Saturday, August 17, 2013
The Alpujarras is an agricultural region on the lower slopes of Spain's Sierra Nevada mountain range. It's a rugged landscape, dotted with tiny whitewashed towns. I've just returned from a week hiking here.
The peak of Mulhacen, at over 11,000 feet the tallest mountain on the Iberian peninsula, looms over the towns.
Terraced fields stand out from the rocky hillsides. They are watered by an irrigation system that dates to the time of the Moors, before Catholic rulers expelled the Muslims in 1492.
At mid-summer, contrast between cultivated land and parched areas adjacent is stark.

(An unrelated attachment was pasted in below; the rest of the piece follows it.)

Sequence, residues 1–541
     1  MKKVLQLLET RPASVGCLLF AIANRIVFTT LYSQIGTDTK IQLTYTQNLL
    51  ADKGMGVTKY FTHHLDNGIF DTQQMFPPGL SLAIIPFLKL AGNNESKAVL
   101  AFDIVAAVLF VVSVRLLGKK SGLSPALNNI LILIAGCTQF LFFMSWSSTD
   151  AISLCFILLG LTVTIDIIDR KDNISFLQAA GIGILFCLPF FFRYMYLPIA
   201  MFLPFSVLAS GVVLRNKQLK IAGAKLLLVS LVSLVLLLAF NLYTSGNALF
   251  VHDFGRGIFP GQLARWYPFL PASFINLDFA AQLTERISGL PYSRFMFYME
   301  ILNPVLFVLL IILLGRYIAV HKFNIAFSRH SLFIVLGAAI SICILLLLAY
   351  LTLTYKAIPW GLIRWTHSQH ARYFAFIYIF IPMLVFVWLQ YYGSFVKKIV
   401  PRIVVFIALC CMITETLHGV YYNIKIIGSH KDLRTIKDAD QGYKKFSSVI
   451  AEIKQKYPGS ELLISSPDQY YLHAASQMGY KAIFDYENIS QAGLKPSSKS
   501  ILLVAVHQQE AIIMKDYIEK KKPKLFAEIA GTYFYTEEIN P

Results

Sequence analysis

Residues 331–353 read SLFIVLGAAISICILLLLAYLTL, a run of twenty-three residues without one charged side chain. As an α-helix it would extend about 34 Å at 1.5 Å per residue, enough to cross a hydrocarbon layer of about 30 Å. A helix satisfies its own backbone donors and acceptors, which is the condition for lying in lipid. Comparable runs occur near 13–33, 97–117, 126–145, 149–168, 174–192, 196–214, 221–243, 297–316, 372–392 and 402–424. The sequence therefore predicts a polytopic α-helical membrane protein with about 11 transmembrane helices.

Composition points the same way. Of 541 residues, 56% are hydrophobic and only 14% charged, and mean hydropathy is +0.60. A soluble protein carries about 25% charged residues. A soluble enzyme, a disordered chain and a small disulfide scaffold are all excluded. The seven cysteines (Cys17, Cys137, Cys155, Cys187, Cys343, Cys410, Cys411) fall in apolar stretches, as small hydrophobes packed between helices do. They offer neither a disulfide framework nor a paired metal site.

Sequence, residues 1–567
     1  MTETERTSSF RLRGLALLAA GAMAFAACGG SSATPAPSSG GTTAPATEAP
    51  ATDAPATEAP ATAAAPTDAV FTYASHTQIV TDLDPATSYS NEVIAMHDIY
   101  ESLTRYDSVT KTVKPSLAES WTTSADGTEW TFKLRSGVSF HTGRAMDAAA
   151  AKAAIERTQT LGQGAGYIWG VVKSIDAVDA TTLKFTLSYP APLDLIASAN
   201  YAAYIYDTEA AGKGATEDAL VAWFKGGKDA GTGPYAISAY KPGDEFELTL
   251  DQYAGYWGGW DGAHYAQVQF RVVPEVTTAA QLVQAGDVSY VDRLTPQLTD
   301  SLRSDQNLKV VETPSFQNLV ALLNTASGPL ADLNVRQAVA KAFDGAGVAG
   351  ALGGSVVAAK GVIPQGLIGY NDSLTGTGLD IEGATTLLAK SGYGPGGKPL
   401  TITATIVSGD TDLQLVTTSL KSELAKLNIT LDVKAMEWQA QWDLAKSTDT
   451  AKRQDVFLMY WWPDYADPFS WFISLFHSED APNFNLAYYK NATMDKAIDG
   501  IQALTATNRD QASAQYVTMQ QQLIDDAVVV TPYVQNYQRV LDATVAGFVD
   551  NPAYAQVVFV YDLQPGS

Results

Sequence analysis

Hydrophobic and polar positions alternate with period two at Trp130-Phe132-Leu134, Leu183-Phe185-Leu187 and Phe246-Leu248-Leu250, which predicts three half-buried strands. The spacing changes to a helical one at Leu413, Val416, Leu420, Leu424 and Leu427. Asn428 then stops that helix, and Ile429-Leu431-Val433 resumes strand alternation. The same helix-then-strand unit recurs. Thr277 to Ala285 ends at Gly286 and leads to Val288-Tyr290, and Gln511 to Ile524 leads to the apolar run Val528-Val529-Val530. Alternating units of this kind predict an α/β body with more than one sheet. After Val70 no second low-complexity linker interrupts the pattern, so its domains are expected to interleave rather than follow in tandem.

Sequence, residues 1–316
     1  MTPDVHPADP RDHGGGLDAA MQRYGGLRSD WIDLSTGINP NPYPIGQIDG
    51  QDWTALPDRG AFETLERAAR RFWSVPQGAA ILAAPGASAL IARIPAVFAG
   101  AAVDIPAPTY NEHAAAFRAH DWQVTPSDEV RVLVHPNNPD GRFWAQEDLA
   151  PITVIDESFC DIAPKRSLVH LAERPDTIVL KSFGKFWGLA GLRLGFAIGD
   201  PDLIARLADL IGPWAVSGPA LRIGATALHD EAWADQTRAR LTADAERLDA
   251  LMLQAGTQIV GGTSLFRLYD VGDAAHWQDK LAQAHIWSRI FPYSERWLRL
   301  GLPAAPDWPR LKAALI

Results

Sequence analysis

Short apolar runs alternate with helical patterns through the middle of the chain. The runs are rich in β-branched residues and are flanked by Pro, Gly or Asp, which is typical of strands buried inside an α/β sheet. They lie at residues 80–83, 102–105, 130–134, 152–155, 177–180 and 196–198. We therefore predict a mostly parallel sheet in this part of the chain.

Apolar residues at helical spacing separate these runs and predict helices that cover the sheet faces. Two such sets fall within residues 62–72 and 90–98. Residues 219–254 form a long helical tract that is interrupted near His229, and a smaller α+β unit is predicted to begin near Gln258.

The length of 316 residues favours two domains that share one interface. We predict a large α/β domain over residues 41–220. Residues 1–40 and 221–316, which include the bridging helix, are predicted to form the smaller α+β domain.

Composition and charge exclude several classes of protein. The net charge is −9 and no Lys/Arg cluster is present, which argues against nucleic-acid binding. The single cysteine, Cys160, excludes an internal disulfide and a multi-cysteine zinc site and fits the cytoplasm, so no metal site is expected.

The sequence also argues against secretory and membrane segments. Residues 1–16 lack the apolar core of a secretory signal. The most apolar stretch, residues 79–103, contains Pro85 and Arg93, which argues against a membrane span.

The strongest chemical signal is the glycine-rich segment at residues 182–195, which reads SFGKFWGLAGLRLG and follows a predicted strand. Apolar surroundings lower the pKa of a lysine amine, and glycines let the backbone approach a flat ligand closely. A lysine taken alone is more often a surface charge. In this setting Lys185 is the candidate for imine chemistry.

Every town is dominated by a church tower.
The houses in the area use a distinctive style of chimney pot. Here's a forest of the things.
In the town of Trevelez, the main employment is in curing and drying hams brought from all over Spain.
Many houses are covered with potted flowers.
The harshness of the landscape contrasts with the cleanliness and order of the towns. I was fascinated.